Golf Course Management

OCT 2018

Golf Course Management magazine is dedicated to advancing the golf course superintendent profession and helping GCSAA members achieve career success.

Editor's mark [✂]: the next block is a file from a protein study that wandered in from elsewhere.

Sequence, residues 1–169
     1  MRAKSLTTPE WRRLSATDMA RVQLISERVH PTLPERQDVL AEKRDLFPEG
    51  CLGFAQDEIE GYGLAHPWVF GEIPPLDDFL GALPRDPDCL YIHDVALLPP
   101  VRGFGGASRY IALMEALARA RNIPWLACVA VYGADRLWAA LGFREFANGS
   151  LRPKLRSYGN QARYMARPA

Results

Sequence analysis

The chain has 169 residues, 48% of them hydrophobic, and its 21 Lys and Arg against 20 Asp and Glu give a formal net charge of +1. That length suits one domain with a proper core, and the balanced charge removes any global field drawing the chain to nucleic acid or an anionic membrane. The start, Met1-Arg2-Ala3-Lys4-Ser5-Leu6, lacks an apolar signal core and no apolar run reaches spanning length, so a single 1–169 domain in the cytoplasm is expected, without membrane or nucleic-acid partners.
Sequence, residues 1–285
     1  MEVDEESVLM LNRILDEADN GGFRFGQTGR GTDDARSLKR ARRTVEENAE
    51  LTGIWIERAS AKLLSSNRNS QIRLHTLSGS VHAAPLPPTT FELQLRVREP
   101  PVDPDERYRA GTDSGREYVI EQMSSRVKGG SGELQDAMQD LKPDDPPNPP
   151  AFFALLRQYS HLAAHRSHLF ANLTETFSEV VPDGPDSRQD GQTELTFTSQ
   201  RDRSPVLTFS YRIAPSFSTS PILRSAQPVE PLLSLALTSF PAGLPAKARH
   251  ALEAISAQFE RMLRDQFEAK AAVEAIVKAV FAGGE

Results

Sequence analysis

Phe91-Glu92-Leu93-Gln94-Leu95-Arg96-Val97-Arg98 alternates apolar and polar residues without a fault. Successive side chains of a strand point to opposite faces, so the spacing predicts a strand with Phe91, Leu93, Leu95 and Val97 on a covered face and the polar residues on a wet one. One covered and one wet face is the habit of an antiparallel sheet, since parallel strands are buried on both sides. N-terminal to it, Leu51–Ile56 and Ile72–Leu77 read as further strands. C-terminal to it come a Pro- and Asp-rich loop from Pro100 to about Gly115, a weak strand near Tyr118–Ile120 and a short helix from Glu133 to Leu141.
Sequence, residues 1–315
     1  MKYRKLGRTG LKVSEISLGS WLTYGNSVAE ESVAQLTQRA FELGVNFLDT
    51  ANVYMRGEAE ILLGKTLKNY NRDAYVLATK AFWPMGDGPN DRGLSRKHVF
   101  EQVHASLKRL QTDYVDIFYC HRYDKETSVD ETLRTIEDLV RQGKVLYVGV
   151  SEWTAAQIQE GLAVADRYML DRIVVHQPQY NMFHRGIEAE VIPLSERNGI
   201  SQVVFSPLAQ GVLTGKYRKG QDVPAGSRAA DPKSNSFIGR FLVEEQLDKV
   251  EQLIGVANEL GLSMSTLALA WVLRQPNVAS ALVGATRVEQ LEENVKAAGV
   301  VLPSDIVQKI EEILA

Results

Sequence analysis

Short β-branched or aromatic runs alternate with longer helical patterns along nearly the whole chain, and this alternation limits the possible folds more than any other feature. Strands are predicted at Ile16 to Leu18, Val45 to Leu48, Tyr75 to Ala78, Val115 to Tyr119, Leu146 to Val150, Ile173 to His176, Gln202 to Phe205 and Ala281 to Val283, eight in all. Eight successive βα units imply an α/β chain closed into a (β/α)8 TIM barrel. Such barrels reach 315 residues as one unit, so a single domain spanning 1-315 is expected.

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60 GOLF COURSE MANAGEMENT 10.18 Enzhan Song, Ph.D. Keith W. Goyne, Ph.D. Robert J. Kremer, Ph.D. Stephen H. Anderson, Ph.D. Xi Xiong, Ph.D. This research was funded in part by the United States Golf Association. Do some wetting agents remove organic coatings from water- repellent sand particles? A laboratory study confirmed for the first time that certain wetting agents can remove organic coatings that cause soil water repellency. Figure 1. Representative scanning electron microscopy images of hydrophobic sand (left) and a clean sand grain that has never been used. Scales in micrometers (10 -6 meter) are on the lower right corner of each image. Note the layers of organic coatings on the sand grain in the left panel, and the clean surface on the sand grain in the right panel. The hydrophobic sand grain was collected from a 7-year-old USGA green where localized dry spot has been documented. The hydrophobicity level was determined to be severe based on the water droplet penetration test, which had a result of >2,500 seconds. Photos and figures by Enzhan Song Soil water repellency, also referred to as soil hydrophobicity, slows water infiltration into the soil profile and, in some cases, causes water to bypass hydrophobic areas, ultimately lead - ing to localized dry spot (LDS). is undesir- able soil condition is a widespread issue, but is more common on sand-based growing media such as USGA greens, because the specific surface area of sand particles is much smaller than that of other soil minerals (7). Wetting agents and hydrophobicity Soil hydrophobicity is believed to be caused by the formation of complex organic acids, such as humic acid and fulvic acid, which coat the surface of sand particles (Figure 1). ese organic acids are formed during the natural decomposition of soil organic matter over time (14). Wetting agents that contain both hydrophobic (oil-loving) and hydrophilic (wa - ter-loving) groups in their molecules are the primary management tool for controlling soil water repellency. e desire for control of soil hydrophobicity and improvement of soil water retention has led to a widespread use of wet - ting agents in the turf industry. A 2006 survey found that 98% of golf course superintendents who responded had experience with wetting agents (5). Within the scientific community, there is also a high level of interest among turf researchers, as evidenced by the number

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